Note on school visits: While the educational and school structure vary dramatically from country to country, many aspects of teaching and learning are universal. Visiting two Peruvian schools, one elementary and one secondary, provide future teachers with an opportunity to observe and interact with the school system. Soon to be teachers should recognize that the schools they will be teaching in are increasingly diverse, including English Language Learners (ELL) students who know little or no English. This program provides an opportunity to work with students who don't speak English, prompting future teachers to anticipate how they can best support ELLs in their classrooms.
Housing & Meals
Students will stay in a hotel while in Lima and with a host family while in Cusco. While staying in the host homes, breakfasts and dinners are provided by the host families. The remaining meals will be paid for by students out-of-pocket.
Note, host families have limited or no English proficiency. Students are encouraged to stay flexible and view their host family stay as a cross-cultural communication opportunity.
Capstone in Peru
Estimated Program Cost:
* estimated total cost of participation, actual amount depends on type of housing accommodation selected, actual airfare purchase price, personal spending habits, and other factors
Cost of studying on-campus*
*per semester, estimated, will vary per person
Tuition & Fees:
Room & Board:
Dates & Deadlines
The Study Abroad Center reserves the right to determine participants' eligibility to Study Abroad. Students must meet all of the following in order to be eligible to Study Abroad:
- Have a cumulative 2.5 GPA or higher at the time of application and maintain this cumulative GPA prior to departure and throughout the study abroad process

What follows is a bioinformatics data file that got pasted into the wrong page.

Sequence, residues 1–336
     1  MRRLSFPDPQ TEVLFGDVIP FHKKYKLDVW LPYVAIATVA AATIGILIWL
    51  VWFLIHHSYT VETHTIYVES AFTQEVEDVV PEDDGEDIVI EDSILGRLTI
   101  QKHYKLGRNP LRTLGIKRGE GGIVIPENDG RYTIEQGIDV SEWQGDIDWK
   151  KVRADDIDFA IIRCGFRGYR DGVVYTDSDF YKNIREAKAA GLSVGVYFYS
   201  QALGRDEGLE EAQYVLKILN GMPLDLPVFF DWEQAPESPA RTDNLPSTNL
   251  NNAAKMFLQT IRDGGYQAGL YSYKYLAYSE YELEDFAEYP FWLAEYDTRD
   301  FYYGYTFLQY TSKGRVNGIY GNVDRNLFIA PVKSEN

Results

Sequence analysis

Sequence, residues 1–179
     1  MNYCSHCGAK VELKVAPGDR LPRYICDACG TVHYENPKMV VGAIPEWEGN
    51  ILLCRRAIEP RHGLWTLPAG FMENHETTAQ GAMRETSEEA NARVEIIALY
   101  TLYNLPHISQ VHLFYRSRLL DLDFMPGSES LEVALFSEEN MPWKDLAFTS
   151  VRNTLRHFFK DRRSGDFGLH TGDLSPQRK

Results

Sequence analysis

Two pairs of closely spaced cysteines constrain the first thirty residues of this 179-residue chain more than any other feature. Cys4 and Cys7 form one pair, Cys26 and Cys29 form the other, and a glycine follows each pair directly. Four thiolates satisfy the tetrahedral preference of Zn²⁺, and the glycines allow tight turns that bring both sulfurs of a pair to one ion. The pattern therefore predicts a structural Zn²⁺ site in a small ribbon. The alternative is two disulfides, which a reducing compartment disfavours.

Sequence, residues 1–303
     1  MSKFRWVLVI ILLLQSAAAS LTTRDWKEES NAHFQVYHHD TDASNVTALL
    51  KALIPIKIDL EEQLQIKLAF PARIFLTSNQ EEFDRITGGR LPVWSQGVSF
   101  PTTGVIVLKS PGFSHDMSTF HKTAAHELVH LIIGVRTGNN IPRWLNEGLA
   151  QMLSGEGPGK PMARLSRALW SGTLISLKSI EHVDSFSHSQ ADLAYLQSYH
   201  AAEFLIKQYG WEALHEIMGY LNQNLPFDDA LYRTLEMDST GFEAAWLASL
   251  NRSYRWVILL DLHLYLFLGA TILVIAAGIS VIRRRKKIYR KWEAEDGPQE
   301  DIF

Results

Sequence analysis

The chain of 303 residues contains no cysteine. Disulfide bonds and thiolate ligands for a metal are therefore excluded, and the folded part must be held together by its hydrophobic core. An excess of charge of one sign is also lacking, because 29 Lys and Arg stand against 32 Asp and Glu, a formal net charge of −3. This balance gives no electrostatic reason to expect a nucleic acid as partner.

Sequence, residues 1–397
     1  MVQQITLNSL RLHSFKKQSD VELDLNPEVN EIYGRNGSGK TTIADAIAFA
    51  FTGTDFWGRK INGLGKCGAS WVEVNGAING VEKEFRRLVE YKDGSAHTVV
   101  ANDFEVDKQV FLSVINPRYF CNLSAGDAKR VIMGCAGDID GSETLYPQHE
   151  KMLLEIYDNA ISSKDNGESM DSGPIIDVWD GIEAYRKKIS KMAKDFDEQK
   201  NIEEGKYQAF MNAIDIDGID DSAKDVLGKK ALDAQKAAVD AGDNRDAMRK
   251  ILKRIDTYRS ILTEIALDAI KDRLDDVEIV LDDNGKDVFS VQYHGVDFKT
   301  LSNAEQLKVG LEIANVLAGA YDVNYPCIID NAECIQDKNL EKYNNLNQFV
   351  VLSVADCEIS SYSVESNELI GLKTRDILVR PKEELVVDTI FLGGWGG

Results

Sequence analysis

- If your cumulative GPA is lower than 2.5, submit the following to the Study Abroad Center (103 East Bartlett):
- Letters of reference from two academic contacts (e.g. academic advisor and former or current professor) supporting your pursuit of study abroad. If you are attending a faculty-led study abroad program, only one of the letters can be from a course leader.
- Must be over the age of 18 years old
- Must meet the course prerequisites (participation in the program is dependent upon meeting these)
- Must be in good standing with the University
- UNI's partner institutions may require additional eligibility requirements to be met, these vary from institution to institution. Please consult with the Study Abroad Center staff to discuss these additional requirements if applicable.
- Applicants traveling to a region of a country or a country with an overall Travel Advisory Level 3 (Reconsider Travel) or 4 (Do Not Travel) will not be eligible.
- All study abroad applicants must pass the Study Abroad Applicant Assessment with a score of 70% or greater.
- Applicants may be selected for an in-person interview before being accepted. Selection for an interview does not guarantee acceptance into the program. You will be contacted directly by the Study Abroad Center if selected for an interview.